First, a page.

Working 9 to 5

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Well, 8.30am until 3.00pm in my case, but that would have been a less effective title.

I’ve had an absolutely amazing summer, possibly the most enjoyable ever. But, as is life, all good things must come to an end, or at least a temporary end in my case. And so it was, at 7.00am a week last Friday found myself sitting in a classroom, logging into my computer and checking my class lists for the day.

It was a shock to the system, but it wasn’t as bad as I expected. It’s been two months since I did any supply or freelance work but I’m now going to be in every day for the rest of September to cover an English timetable for a teacher who can’t start until October.

I’ve been very lucky – I normally do only a few days a week of supply if it is available, but this number of days in one go will ensure financial security until December, which will give me the opportunity to then focus more on building up the blog without having to worry about bills being paid. I’m in a great department, I have my own classroom for the first time in eleven years, and because I’m just covering the classes I am not required to plan or mark any of the work.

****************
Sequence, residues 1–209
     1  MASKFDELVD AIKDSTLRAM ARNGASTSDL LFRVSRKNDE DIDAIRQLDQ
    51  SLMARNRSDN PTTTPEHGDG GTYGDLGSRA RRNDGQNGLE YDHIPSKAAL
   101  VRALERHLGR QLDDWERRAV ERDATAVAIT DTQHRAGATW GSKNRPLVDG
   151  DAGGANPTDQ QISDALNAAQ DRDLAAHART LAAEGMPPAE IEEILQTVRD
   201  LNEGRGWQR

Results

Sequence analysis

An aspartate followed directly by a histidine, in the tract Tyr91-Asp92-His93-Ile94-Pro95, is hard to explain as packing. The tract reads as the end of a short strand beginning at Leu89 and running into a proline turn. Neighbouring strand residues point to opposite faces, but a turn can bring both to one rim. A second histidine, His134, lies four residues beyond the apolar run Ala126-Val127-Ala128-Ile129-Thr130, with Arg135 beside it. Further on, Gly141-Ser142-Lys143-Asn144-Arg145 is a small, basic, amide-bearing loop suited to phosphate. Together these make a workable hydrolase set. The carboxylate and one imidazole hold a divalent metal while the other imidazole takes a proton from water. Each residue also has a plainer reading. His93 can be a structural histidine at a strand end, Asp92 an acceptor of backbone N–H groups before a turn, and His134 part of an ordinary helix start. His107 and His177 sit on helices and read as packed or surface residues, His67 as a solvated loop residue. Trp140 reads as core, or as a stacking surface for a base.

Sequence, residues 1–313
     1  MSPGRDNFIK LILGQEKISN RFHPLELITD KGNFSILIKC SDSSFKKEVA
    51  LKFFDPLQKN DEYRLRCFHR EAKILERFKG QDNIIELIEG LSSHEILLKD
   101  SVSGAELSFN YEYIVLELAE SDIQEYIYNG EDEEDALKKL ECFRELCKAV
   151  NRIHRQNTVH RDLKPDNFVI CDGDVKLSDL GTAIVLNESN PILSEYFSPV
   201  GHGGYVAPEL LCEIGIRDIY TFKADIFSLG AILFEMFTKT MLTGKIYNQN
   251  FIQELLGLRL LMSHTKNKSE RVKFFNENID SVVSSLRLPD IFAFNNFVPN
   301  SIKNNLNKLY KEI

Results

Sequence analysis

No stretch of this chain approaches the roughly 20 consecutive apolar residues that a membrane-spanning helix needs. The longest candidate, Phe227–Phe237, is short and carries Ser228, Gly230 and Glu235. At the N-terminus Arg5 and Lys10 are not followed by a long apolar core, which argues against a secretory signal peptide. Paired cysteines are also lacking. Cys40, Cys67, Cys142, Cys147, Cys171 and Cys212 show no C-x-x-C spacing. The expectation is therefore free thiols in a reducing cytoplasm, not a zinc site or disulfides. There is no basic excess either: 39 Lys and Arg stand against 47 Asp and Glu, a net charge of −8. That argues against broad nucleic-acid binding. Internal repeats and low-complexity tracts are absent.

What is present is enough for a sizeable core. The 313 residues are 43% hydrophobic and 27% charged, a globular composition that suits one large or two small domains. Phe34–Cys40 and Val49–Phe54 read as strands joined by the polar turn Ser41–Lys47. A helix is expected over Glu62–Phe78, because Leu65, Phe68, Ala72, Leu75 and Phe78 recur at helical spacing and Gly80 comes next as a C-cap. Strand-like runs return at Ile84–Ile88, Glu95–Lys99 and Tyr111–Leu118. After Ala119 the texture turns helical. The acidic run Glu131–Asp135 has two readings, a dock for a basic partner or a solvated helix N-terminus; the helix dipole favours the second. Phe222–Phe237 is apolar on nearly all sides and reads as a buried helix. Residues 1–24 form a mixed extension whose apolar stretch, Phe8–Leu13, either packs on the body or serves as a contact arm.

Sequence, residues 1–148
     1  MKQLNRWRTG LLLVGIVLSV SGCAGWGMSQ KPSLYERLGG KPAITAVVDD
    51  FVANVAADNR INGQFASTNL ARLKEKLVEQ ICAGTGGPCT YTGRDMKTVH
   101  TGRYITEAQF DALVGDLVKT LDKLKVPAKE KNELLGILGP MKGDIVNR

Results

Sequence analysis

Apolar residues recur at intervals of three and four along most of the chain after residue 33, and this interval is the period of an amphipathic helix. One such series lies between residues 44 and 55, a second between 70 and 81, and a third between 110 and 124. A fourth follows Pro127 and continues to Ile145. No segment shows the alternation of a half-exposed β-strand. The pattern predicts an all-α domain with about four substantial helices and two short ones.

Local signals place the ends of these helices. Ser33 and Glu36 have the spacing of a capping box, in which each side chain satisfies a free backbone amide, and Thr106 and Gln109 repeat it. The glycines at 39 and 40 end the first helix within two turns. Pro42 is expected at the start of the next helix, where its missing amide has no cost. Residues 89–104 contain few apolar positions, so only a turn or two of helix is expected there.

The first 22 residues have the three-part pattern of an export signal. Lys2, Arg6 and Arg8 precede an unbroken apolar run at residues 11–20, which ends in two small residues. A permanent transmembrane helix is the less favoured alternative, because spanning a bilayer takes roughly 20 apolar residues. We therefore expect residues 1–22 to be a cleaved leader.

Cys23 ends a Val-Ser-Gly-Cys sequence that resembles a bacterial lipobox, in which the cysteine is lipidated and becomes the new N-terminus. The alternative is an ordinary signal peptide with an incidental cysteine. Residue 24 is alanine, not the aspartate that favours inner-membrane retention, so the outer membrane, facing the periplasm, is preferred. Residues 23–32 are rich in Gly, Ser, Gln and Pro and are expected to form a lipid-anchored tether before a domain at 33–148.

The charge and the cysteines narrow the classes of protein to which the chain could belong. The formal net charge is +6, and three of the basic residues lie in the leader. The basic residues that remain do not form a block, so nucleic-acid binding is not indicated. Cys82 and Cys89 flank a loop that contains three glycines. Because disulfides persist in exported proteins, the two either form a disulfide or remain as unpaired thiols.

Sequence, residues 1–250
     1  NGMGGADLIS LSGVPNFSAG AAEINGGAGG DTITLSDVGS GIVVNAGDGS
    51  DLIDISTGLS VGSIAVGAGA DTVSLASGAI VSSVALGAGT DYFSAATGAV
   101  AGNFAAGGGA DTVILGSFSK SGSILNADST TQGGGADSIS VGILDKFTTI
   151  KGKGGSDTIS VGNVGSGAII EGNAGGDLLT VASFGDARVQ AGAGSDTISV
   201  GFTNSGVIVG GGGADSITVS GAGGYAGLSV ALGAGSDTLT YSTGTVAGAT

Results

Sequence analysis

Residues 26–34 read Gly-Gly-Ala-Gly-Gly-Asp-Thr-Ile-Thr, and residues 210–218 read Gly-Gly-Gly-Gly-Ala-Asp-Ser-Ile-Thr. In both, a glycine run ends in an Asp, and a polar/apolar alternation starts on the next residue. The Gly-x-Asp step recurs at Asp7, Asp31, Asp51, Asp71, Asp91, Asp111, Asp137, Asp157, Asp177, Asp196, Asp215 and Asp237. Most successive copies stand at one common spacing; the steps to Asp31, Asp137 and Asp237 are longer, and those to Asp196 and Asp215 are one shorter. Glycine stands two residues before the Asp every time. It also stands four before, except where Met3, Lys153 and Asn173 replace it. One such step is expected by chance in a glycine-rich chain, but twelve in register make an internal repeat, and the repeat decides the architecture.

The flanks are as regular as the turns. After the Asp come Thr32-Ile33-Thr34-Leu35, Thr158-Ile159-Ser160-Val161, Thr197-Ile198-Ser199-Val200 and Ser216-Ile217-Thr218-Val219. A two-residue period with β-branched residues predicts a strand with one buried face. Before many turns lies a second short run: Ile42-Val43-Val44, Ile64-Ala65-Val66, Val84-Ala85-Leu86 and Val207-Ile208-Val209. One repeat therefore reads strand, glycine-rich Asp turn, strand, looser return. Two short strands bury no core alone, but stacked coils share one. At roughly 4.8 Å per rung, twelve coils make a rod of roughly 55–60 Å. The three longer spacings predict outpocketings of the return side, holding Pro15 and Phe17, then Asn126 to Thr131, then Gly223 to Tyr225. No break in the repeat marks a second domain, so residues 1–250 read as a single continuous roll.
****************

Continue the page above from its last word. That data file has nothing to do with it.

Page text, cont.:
Awesome.

I’ve had some nice lessons with nice kids that have almost made me question my decision to leave and I’ve experienced that buzz that many teachers get when a class clicks with the information or a task that they have been given. And then, there’s been one or two that have reminded me that I absolutely made the right decision. It’s amazing how the old feelings of panic and anxiety return in these instances, even with minimal pressure. I’ve had interrupted sleep, bad dreams and I’ve gone home with stress headaches on a few days… and it’s been just over a week.